Ver Poets for Sustainable St Albans 2016:
Saturday 26th November
WHAT WILL SURVIVE US
by Robert Peake
Bronze statues of men on horses.
Small pieces of tarmac, glittering like shells.
Skeletal towers, disconnected.
Concrete hives with glassless windows.
Yellow foam congregating in eddies.
White bridges overtaken by gulls.
On the same bush
others still red, others
plump to bursting …
In the damp ground
toadstools brown and crinkled
beg to be gathered up
by someone who knows …
From the young apple trees
windfalls starting to fester
offer a guiltless feast …
Hurry! Nature can’t wait.
Friday 25th November
ST ALBANS ABBEY
by Sylvia Banham
We see it, riding south, sun in our eyes,
familiar outline, as travellers have done
these last nine hundred years. Glimpsed
from this angle, buttressed against pale sky,
it dominates, proclaims the continuity
of more than the Roman bricks which shape its tower:
place of carved stone and crafted glass
of bells, of glowing manuscripts, of learning;
home too to Alban, patron of refugees.
Sunlight on brick and stone. Travelling towards
our present, we see it still, above the city,
unconsigned yet to oblivion, to dust.
Thursday 24th November
LAKE MURRAY, PAPUA NEW GUINEA
by Gillian Knibbs
Four boys are poised, like vultures, in a tree,
stark silhouettes against the setting sun.
The branches prong like daggers, the boys seem
empty, their shapes are thin and hunched.
The smallest takes an acrobatic leap.
He shapes his plunge in the orange air;
his body is free with innocence.
He will slip, splashless, into a deep pool.
The lake that waits beneath him is a soup
of toxic mining waste; his skin will crawl
with it. It will coat him like disease.
Poem for Wednesday 23 November
APPLE TREE by Sylvia Banham
Apple tree, are you weary of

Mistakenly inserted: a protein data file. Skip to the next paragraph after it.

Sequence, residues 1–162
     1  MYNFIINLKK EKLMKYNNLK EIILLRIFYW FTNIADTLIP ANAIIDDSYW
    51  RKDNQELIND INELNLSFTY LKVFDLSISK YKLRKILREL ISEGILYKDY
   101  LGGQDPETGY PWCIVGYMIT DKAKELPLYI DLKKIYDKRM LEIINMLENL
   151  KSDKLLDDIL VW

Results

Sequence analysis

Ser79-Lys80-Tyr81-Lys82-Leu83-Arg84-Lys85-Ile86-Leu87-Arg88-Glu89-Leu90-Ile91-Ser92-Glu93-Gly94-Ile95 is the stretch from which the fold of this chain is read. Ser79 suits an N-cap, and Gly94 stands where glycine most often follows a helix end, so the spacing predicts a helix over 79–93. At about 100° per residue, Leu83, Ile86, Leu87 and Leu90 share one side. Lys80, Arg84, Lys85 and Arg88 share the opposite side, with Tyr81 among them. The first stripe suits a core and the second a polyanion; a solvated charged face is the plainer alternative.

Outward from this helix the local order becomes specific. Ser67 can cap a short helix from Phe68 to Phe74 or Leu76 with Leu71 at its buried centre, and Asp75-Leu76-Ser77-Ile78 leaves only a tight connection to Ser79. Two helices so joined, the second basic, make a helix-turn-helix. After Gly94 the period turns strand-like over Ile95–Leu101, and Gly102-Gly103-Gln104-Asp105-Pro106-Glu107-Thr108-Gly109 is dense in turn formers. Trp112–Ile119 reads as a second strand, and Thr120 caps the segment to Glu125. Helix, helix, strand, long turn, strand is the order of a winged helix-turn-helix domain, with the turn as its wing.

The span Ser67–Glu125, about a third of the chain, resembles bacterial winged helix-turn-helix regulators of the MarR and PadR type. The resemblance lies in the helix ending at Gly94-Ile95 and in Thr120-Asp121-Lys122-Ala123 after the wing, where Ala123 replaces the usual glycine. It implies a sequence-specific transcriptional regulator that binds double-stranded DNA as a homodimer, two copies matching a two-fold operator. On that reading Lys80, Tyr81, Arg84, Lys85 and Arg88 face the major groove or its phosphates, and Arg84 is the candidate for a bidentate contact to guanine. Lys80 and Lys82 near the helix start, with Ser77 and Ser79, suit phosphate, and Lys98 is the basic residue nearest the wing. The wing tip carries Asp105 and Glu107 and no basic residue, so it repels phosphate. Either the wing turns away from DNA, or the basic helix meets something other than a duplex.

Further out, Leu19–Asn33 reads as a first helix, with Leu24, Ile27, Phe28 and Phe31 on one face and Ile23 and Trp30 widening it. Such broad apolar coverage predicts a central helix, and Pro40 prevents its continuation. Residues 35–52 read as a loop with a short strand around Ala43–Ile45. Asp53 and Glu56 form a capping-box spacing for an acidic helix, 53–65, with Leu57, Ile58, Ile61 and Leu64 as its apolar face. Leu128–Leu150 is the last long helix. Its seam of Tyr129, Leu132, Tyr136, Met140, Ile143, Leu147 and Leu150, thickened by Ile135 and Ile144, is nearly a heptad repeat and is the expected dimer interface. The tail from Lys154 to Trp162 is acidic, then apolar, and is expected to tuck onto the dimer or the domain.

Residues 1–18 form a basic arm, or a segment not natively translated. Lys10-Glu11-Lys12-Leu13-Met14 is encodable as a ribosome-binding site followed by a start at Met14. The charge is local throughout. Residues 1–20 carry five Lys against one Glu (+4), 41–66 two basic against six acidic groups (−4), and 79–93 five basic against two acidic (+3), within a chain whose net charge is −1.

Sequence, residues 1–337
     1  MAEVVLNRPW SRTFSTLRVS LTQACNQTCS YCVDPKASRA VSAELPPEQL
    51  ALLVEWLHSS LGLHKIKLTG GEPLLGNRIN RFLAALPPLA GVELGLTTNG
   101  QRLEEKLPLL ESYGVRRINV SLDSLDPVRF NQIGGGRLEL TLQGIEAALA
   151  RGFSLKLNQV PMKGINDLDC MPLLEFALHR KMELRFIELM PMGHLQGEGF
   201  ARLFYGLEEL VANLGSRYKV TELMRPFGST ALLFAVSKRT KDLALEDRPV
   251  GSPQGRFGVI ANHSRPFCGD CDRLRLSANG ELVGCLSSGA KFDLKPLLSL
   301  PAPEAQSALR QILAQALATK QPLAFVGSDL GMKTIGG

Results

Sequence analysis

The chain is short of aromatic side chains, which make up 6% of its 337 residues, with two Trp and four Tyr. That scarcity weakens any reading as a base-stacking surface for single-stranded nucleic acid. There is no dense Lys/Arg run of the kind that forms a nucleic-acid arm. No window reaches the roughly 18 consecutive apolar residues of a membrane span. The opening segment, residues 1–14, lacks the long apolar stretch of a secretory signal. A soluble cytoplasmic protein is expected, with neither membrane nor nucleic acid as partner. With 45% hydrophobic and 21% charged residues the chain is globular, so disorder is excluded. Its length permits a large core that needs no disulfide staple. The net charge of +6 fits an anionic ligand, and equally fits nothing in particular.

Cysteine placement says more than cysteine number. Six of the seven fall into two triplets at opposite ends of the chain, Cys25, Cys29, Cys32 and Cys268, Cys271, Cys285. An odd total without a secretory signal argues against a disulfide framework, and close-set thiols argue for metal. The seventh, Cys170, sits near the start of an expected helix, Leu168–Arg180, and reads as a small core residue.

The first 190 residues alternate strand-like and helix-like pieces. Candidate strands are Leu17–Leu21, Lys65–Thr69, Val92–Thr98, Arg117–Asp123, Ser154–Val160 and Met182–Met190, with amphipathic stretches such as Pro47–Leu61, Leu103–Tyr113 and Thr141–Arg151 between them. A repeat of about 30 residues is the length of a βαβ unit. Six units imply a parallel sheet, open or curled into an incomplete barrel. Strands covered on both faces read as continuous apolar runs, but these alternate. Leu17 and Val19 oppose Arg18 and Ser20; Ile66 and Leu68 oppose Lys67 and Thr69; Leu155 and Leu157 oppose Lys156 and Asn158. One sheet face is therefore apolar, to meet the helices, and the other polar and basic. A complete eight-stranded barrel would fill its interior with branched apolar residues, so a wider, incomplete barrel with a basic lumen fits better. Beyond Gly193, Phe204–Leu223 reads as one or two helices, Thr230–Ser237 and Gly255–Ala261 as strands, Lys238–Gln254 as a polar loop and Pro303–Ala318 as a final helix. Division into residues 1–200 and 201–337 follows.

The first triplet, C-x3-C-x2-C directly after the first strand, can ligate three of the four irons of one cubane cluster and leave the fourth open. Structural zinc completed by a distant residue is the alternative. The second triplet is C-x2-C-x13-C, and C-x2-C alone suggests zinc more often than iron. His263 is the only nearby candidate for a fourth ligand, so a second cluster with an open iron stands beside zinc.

standing patiently in weathers,
under sun, under moon?
Bluetits, little acrobats,
peck at your branches,
outspread, like Buddha’s arms;
worms ferry your aged roots,
feed on your discarded leaves;
you shed ripe fruit, pragmatic.
Yet each year you astonish
with a dazzle of blossom
only feet from my kitchen sink.
Poem for Tuesday 22nd November
by Beliz McKenzie
we try to contain it;
reach for wrappers tangled in trees;
pick up papers –
ripped and mud-splattered –
from under our feet;
collect cans abandoned on benches.
we want to maintain it;
shape what we see,
search in the scarred landscape
for that gem, rare and delicate,
protect and nurture it
from growth which could destroy.
we need to sustain it;
to preserve our energy
in this overheated world;
to create a path,
bright and rainbow-lined,
leading long past our point of departure.
Poem for Monday 21st November
by Alan George
Leaves fall down with little warning;
the figs follow soon, footkill on the track.
I pick one up, its blood juice coated with grit.
During the summer the sun has flirted
through the foliage to turn green into purple.
Last night this fig fell pregnant here.
For me a reject, I toss it into the hedge,
its seed essence seeping into the soil –
By chance I may have nursed a tree’s re-birth.
Poem for Sunday 20th November
THE LAST SPROUT
by Bob Niblett
Tara, staring at her plate,
saw the world coagulate
in chilly gravy, as the fatal
tipping point was reached,
all the laws of nature breached,
because her dinner went to waste,
because it had a nasty taste.
Steeling herself unwillingly
to serve sustainability,
Tara resolved to carry out
a deed that made the angels shout
with joy. She swallowed the last sprout.
Poem for Sat 19th November
by John Mole
A texture of little purposes,
No single big thing
But an intimate criss-cross
Of planning and impulse
In search of design.
Every thread a wonder
And the whole cloth
Yet to be revealed
As no less than our life here
On this precious earth.